|Benedict Called Agent of Delay in Ariz. Cases
By Michael Rezendes
April 3, 2010
In 1997, a Catholic tribunal in Tucson formally determined that a local priest had solicited sex while hearing confession, saying that evidence in the case against the Rev. Michael Teta showed that his ‘‘insidious ‘rape’ ’’ of his victims was ‘‘so heinous that the only solution is that he take up some other occupation.’’
In a sentencing document that runs more than 100 pages, the tribunal recounted the evidence against Teta, saying at one point that ‘‘there is almost a satanic quality in his mode of acting toward young men and boys.’’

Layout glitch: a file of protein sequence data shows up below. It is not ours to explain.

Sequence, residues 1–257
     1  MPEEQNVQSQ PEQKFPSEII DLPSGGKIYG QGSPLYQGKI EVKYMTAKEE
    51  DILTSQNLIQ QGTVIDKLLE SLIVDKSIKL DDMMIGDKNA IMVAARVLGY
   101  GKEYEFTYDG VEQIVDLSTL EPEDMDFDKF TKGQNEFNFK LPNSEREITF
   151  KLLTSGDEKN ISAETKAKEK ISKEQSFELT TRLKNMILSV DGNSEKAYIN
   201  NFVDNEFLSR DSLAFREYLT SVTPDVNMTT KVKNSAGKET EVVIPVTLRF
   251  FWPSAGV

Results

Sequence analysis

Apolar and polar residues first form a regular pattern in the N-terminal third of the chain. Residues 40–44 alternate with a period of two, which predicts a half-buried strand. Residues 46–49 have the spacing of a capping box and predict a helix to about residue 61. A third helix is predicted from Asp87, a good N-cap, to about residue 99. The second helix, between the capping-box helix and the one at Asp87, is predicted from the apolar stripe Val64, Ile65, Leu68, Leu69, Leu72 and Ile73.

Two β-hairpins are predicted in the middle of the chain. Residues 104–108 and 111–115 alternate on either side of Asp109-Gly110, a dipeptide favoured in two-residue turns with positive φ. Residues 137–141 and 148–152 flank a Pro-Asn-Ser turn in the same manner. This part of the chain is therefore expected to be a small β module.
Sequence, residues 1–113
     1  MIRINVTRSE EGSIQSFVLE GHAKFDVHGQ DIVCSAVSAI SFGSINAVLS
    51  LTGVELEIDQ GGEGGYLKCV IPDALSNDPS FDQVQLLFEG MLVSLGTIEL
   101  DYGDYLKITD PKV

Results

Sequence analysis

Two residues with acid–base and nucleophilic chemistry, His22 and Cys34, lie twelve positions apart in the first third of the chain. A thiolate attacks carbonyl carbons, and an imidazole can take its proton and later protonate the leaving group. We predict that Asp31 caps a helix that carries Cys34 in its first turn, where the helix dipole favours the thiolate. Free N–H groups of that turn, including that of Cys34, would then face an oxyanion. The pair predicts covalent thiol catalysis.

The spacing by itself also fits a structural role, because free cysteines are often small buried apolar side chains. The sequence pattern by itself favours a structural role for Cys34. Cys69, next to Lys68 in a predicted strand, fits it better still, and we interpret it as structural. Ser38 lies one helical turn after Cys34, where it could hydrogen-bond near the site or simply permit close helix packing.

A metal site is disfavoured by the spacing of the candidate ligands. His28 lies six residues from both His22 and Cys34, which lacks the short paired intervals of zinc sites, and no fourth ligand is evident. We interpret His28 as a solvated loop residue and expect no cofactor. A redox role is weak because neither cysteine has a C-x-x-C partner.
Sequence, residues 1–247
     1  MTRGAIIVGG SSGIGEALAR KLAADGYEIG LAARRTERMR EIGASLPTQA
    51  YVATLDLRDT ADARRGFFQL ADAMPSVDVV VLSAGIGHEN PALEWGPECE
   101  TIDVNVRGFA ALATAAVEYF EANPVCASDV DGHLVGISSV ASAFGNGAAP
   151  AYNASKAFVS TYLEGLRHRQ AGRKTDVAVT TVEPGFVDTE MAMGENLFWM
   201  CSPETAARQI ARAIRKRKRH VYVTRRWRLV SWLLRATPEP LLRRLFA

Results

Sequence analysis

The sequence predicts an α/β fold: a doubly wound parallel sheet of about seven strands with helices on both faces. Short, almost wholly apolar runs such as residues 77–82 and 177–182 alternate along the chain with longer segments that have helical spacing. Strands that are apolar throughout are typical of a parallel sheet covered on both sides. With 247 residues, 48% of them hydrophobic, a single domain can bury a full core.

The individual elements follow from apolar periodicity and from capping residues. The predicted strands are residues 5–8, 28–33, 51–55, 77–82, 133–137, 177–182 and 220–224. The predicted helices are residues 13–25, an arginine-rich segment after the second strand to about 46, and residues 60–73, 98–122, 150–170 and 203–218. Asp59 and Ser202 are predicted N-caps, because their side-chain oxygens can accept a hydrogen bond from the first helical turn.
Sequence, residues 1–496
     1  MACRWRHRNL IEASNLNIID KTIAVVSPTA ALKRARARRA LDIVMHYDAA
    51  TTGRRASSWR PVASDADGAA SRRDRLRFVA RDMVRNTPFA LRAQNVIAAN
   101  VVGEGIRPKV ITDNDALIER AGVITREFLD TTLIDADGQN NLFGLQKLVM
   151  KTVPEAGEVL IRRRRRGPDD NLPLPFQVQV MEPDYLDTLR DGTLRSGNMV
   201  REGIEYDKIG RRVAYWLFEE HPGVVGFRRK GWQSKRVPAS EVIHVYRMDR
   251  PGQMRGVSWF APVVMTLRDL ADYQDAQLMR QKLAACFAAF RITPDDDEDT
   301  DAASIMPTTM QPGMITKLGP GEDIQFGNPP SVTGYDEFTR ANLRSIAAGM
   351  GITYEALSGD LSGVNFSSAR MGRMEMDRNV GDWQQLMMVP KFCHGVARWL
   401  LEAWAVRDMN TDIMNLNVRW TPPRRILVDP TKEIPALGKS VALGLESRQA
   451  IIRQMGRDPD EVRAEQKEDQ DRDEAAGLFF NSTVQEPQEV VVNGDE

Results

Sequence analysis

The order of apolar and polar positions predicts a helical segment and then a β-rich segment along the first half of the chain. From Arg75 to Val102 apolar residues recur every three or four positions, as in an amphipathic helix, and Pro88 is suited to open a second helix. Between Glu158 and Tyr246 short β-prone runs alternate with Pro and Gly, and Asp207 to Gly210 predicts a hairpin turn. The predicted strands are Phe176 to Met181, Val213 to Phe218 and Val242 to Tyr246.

Despite the urgency of the findings, then-Cardinal Joseph Ratzinger, a top Vatican official, took more than six years to review the case before Pope John Paul II affirmed a decision to strip Teta of his status as a priest, or laicize him.
The leader of the Tucson Diocese, Bishop Gerald Kicanas, said Friday that Teta was not allowed to wear a clerical collar or represent himself as a priest during the long proceedings against him, nor did church officials receive allegations that Teta committed sexually inappropriate acts after the proceedings against him began.
But attorneys for two of Teta’s victims say that Ratzinger’s lengthy review of the case, along with the extended consideration of the case of a second Tucson priest, are evidence that Ratzinger was unreasonably reluctant to discipline abusive priests.